Newspaper article Pittsburgh Post-Gazette (Pittsburgh, PA)

Greatest Raven Debate Goes On

Newspaper article Pittsburgh Post-Gazette (Pittsburgh, PA)

Greatest Raven Debate Goes On

Article excerpt

It is an argument that has gone on for nearly a decade: Who is the greatest player in Ravens history, offensive tackle Jonathan Ogden or linebacker Ray Lewis?

The debate seems to have hit an all-time high this past week with Ogden, the team's first draft pick ever in 1996, being inducted into the Pro Football Hall of Fame. But there really shouldn't be any more arguments.

If you want the total package, which includes being a team leader, a mentor and having charisma while also being one of the best middle linebackers to ever play, then Lewis is No. 1.

If you want a player who was truly dominant, an athletic wonder, a great technician and the best to ever play the position in the history of the NFL, then it's Ogden.

Lewis had great speed and was the first middle linebacker to run sideline to sideline, which changed how his position was played. But Lewis had help throughout most of his career, including two sumo- wrestling defensive tackles in front of him in Tony Siragusa and Sam Adams, and later Haloti Ngata and Kelly Gregg.

Ogden never had help. Each week for 12 seasons, Ogden took on some of the best pass rushers in the game, and he overwhelmed all of them.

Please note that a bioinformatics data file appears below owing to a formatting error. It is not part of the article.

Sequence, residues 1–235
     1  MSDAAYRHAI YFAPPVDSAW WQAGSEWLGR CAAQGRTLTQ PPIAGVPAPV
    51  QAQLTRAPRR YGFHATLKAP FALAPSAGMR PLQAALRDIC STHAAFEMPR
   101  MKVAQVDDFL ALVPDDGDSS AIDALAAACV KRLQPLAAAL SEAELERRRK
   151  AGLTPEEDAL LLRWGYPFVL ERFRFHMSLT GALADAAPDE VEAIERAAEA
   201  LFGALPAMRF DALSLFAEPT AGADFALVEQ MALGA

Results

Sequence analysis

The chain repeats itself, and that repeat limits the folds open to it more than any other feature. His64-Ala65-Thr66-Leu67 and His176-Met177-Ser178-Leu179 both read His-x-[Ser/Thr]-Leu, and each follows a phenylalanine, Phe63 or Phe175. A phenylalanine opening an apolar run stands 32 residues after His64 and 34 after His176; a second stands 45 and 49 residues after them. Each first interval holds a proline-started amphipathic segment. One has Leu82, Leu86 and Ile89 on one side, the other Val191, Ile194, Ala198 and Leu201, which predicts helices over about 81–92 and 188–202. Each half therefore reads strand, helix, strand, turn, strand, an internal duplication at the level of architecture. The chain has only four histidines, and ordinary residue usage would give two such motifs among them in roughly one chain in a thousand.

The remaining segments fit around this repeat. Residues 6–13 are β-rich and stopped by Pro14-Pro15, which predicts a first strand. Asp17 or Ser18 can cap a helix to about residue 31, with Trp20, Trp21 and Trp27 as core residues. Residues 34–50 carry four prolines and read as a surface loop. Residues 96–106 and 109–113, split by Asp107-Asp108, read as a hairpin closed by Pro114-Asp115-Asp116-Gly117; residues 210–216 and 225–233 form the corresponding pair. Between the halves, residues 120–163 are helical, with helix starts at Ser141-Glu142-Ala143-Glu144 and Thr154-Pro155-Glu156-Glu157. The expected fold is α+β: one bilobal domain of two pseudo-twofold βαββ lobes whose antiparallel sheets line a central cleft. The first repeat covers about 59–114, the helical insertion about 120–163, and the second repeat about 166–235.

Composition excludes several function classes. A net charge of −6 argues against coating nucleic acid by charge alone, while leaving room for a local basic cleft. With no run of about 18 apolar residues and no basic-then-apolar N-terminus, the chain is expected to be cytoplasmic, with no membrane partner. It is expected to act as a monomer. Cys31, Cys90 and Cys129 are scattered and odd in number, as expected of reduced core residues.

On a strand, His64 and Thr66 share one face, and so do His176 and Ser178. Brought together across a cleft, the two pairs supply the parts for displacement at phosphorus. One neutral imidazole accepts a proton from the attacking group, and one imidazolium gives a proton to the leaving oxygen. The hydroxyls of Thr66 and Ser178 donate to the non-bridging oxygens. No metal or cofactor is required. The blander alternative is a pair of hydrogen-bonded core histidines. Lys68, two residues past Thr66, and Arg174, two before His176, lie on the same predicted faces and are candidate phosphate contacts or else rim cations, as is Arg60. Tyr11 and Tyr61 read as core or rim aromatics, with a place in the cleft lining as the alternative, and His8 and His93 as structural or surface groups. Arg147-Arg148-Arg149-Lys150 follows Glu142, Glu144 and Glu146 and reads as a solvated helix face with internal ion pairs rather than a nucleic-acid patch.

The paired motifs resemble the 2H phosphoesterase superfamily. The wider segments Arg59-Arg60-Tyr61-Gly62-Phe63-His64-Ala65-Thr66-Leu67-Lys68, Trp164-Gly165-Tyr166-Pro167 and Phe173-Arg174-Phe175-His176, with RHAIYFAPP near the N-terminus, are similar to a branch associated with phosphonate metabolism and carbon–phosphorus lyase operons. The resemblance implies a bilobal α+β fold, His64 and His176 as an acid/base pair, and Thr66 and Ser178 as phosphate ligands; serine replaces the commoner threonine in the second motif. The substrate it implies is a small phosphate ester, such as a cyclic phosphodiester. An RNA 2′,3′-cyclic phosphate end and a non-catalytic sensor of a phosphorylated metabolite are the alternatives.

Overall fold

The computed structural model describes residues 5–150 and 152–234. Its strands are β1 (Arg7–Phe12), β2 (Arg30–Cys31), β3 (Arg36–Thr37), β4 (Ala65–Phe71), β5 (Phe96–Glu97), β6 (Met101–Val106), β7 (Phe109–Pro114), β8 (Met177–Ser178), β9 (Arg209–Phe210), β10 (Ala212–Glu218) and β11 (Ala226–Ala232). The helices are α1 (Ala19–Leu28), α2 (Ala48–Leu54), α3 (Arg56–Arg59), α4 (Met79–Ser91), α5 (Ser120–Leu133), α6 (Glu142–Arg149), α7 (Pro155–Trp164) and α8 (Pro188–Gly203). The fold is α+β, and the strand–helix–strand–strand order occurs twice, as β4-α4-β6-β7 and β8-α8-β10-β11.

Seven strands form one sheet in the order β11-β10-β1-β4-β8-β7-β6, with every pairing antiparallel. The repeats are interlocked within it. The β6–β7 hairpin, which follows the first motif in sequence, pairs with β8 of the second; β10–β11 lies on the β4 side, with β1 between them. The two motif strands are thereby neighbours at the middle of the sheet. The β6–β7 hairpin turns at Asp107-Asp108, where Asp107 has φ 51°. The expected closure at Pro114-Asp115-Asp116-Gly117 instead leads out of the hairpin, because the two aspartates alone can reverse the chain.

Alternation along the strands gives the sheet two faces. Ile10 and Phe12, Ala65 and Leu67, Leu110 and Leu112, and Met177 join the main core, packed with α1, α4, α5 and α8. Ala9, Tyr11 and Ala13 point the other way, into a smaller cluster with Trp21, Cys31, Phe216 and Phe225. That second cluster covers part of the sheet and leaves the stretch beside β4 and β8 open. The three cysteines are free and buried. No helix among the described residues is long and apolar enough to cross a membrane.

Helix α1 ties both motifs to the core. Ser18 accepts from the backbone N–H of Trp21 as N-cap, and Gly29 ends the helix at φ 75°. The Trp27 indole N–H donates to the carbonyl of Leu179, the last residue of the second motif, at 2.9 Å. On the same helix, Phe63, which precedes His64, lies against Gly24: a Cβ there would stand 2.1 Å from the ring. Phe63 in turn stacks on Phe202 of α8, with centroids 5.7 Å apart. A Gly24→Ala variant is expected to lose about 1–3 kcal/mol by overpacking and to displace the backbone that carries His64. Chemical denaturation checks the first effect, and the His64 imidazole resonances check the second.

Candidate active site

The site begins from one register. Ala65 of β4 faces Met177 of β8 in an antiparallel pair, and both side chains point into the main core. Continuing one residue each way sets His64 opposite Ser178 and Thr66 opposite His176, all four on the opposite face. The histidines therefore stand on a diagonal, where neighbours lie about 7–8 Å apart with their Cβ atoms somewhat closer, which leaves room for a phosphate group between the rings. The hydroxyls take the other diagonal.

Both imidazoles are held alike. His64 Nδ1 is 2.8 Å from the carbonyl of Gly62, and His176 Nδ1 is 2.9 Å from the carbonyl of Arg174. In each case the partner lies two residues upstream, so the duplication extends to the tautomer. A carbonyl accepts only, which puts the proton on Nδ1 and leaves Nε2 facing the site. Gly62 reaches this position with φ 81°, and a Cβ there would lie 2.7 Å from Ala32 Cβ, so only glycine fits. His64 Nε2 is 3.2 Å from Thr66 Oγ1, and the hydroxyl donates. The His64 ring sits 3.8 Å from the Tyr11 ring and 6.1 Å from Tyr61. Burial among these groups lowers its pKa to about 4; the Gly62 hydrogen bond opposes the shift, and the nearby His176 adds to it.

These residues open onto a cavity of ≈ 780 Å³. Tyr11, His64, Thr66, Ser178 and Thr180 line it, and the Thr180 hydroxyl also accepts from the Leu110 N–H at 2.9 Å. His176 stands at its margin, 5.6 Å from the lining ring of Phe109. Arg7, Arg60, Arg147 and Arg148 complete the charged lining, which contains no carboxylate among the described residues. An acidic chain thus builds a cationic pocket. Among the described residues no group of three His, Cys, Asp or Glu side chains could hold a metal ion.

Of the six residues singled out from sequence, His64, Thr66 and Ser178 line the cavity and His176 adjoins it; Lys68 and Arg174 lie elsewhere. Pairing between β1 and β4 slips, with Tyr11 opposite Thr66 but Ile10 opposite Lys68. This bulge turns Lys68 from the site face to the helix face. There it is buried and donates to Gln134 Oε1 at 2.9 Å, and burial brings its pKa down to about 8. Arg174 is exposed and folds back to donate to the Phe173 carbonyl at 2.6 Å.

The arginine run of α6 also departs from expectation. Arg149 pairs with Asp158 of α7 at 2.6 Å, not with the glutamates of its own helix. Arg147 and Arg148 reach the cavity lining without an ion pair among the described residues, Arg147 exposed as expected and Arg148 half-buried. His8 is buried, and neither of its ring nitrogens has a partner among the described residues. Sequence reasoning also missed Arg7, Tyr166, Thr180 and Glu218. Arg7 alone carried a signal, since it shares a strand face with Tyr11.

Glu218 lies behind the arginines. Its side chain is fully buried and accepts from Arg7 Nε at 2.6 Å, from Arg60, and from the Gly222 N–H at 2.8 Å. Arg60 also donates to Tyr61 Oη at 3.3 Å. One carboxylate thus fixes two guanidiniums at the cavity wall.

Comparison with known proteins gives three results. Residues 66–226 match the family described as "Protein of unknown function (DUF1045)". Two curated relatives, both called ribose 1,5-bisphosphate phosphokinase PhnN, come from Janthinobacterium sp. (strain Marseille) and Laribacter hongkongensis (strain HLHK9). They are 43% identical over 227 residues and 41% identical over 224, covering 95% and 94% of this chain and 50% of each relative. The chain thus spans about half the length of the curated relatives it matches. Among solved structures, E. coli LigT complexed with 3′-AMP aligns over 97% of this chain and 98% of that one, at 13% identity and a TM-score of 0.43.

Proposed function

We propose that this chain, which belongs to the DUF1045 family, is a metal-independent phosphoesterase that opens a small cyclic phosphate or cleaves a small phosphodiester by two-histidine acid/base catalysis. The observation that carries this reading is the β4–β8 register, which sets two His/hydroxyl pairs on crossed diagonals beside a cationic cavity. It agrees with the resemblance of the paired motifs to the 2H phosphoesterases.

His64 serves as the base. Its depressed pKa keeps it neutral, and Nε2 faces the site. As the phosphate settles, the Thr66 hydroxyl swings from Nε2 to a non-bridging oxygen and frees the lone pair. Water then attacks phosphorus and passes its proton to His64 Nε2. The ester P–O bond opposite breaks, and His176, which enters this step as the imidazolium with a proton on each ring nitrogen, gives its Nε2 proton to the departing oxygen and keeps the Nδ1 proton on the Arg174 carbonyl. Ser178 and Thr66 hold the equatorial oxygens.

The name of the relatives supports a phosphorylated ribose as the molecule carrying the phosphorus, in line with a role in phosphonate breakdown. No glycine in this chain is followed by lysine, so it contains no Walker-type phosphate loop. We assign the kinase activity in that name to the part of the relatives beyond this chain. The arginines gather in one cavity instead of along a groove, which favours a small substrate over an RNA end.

"To steal a quote, you never leave home without him," said Ravens general manager Ozzie Newsome. "When we had Jonathan, we didn't care who we were playing. ... We played against some of the best pass rushers -- guys that have gone into the Hall of Fame. But when we had Jonathan, we didn't worry about those guys. And when you have someone like that, it just expands your offense and your ability to do things."

That's what few people understand. Lewis made plays that could impact a game, but Ogden changed the strategy as well -- a rarity among offensive linemen.

Lewis had great athleticism in his own right, but he wasn't a brute at linebacker who could take on blocks and shed them. Ogden took his prototype to another level.

At 6 feet, 9 inches and 345 pounds, he had the foot speed of a tight end and could bend like a guard or center to block smaller defensive tackles, ends or linebackers. …

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